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Judge wired over recordings

EUTAW – A new telephone system in the Greene County Courthouse may have been put to illegal purposes.

At least that’s what District Judge Lillie Jones-Osborne contends in a July 6, 2004 letter to Commissioner Chip Beeker.

In the letter obtained by The Times, Osborne contends “that an unknown person within the courthouse has been recording the telephone conversations of the various offices in the courthouse including the District and Juvenile Court.”

She contends that the new telephone system was purchases because of the system’s capability to monitor and record calls.

“I am outraged that telephone conversations were being recorded in my office especially conversations that are confidential and should have never been recorded,” she states in her letter.

She requested Beeker launch and “immediate” investigation.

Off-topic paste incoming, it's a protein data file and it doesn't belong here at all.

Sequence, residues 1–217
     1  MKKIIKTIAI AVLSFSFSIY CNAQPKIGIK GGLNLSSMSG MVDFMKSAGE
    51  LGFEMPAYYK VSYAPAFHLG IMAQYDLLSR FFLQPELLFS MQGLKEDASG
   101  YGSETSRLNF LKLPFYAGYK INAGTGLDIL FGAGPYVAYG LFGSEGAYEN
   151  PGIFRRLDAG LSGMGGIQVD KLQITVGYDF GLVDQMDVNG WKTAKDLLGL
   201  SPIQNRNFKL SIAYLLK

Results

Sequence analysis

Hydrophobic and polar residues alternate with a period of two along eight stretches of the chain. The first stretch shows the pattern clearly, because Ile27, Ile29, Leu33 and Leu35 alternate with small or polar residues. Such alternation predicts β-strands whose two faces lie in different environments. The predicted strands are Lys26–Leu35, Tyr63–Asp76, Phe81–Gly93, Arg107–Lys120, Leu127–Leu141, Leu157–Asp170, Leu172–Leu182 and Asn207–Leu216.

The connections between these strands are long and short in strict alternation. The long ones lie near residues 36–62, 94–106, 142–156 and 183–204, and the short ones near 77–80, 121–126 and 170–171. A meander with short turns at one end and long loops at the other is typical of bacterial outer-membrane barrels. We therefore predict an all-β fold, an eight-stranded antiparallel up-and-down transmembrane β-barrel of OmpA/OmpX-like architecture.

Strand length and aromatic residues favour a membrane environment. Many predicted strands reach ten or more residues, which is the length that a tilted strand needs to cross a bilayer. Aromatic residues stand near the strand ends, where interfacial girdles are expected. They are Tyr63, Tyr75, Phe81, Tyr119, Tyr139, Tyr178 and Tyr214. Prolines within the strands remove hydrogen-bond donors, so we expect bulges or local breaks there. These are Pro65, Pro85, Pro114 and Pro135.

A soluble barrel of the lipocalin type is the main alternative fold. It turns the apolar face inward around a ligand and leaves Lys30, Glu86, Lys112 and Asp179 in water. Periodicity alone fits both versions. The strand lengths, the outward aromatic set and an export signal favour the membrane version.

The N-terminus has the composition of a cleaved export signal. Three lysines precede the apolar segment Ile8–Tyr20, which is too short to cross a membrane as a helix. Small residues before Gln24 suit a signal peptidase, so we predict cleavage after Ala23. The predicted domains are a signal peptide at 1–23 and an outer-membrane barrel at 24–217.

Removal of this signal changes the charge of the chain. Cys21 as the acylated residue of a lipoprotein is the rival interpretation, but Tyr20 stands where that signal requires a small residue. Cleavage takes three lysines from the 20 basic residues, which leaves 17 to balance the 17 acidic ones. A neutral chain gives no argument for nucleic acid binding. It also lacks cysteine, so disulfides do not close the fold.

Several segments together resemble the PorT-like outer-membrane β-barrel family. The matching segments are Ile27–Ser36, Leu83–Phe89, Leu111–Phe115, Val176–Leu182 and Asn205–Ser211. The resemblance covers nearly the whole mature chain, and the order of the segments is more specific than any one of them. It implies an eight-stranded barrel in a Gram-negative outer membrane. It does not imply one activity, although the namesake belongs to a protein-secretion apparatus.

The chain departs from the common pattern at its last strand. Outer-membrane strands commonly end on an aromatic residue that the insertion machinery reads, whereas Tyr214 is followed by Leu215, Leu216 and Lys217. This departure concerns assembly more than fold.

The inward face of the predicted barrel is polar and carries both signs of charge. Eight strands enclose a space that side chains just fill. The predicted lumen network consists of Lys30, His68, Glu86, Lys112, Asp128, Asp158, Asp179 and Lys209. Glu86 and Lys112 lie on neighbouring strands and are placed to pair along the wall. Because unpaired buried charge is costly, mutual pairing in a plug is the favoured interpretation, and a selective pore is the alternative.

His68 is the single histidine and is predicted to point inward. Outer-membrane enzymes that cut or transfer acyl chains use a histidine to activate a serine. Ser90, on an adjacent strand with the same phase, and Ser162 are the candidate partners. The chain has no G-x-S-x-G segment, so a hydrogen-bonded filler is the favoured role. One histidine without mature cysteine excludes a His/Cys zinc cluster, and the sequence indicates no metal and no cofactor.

Beeker said he’s done just that with Sheriff Johnny Isaac, and the investigation would “include any agencies necessary.”

Beeker, who received the letter Tuesday, said he thought the new system protected privacy of the calls and prevented such an event from happening.

“We didn’t get the system because we could record and monitor. I thought there was no way to breech privacy, but someone read in one of the books that the phones could record and monitor calls,” he said.

Beeker said once courthouse officials discovered the feature, it was deactivated so calls could no longer be recorded or monitored.

“Looking into it, we found several employees who had heard beeping or some sort of tone in the phones,” he said.

Jones-Osborne, who could not be reached Thursday for comment, said in her letter that if the Beeker did not respond to her letter “in a reasonable amount of time,” she would request the attorney general’s office to investigate, and state she forwarded her letter to Circuit Judge Eddie Hardaway, the Administrative Office of Courts Legal Department and to District Attorney Greg Griggers.

Reached by phone, Griggers, who has been out of his office this week , said he was unaware of the letter or the situation in Greene County, but would look into the issue when he returned to work on Monday.

“We’ll certainly take a look at it,” he said.